Atlas   Rules   Resources   Adventures   Stories       FAQ   Search   Links

Balancing an Adventure - an Analysis of B11

by Giampaolo Agosta

The Balancing method works well, but I would caution against relying too much on it for very low-level parties.

Let us consider as an example B11, which is an introductory adventure for 1st level characters. The adventure is set up for 5 PCs (if there are 4 or less, a dwarf NPC joins the party, if there are 6 or more, there is one additional monster). There is only a trap and a strongly reduced chance to have random encounters.

The adventure offers the opportunity for at least one strategic retreat, and possibly two, before level 1 of the dungeon is cleared. There is almost no room for negotiation except for three encounters (Kobold, lone Orc lieutenant and Bugbear).

All these elements make IMO B11 a good benchmark (most other adventures are designed for a wider range of PC levels and numbers).

The Adj HD of the enemies for the first level are as follows:

Here we have 5 PCs, thus a TPL of 5.
Thus, we have two Extreme Danger encounters, two Risky encounters, two Major encounters, and two Challenging encounters. The last two encounters are a Too easy and a Minor one (but the latter is designed to avoid a fight and either reinforce or weaken the final encounter).
In one of the Extreme Danger, one Risky, and both Challenging encounters, PCs have some additional benefit (usually an increased chance at surprising the enemies). This possibly reduces the impact of the encounter since in a free round the PCs may be able to remove a couple of HD of enemies (also, encounters are one level tougher if monsters are in ambush, so the Horned Chameleon should likely count as an Extreme Danger encounter).

Note that there are 10 encounters. The module assumes 2 or 3 "adventuring days", thus 3-5 encounters per day (maybe 3-6 as there is no indication that the PCs should stop exactly at half the level), plus possibly one random encounter (most likely, 2 Orcs at a TPL of 2, a Good Fight).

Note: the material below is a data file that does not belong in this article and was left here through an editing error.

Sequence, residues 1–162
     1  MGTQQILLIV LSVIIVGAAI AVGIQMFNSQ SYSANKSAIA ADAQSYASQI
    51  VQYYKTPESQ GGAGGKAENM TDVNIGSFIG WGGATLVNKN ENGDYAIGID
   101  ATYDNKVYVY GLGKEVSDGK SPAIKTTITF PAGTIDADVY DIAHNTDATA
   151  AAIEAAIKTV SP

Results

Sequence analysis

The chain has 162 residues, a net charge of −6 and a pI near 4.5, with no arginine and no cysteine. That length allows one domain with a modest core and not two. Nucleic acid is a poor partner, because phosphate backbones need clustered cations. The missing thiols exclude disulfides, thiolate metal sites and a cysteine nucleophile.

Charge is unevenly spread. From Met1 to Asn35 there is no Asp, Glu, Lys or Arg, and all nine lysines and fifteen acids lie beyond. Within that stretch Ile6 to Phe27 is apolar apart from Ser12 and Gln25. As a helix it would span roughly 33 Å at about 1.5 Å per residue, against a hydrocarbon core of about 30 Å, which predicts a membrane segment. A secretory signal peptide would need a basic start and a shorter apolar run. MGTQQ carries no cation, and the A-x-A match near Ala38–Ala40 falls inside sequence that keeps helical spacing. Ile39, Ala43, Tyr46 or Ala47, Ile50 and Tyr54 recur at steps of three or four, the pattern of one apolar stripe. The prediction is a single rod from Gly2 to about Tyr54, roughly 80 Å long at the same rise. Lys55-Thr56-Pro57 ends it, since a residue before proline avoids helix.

With two adventuring days, the PCs will fight each day: 1 Extreme Danger, 2 Major (or 1 Major and 1 Risky), 1 Minor or Too easy, and 2 Good Fight encounters (considering 1 random encounter and downgrading the encounters where there is an increased chance of surprise). Now, going by the Balancing option, Extreme Danger should be a TPK, but actually, if the PCs include at least one spellcaster with Sleep (the pregens include a Magic User with Sleep on a 5 PCs party, as well as Fighter, Cleric, Thief, and an Elf with Magic Missile), then the encounter easily resolves, since all enemies are vulnerable to it. The same goes for the Risky encounter.

Basically, the Sleep spell at level 1 takes out 2d8 HD (avg 9) enemies, which is more than enough to clean out an Extreme Danger encounter for 1st level PCs (both have only 7 unadjusted HD of enemies). Even on a bad roll (4-5), the encounter is reduced from an Extreme Danger to a manageable Challenging one.
Obviously, this effect dilutes quickly -- the spell doesn't scale, and by level two it only downgrades an Extreme Danger encounter (Adj HD 22) to a Challenging fight (Adj HD 13). At level 3, an extreme danger is only downgraded to a Major encounter, and from there on many encountered monsters will be immune to Sleep due to having more than 4+1 HD.

Bottom line: at 1st level, if the party has access to the Sleep spell, you can (and should) add an Extreme Danger encounter to the mix, possibly even one Extreme Danger encounter per Sleep spell the party can memorize.

Also, note that the typical adventure mix in the Balancing option says that 1/2 of encounters in an adventure should be Good Fights, and uses Major encounters only once per adventure, adding a few Distractions and 3-5 Challenging encounters for a short adventure. Thus, 1 Major, 4 Challenging, 6 Good Fight, 1 Distraction, plus random encounters (usually Minor) might be a typical mix for a "short" adventure. B11's first level matches the definition of short adventure, but definitely not the mix.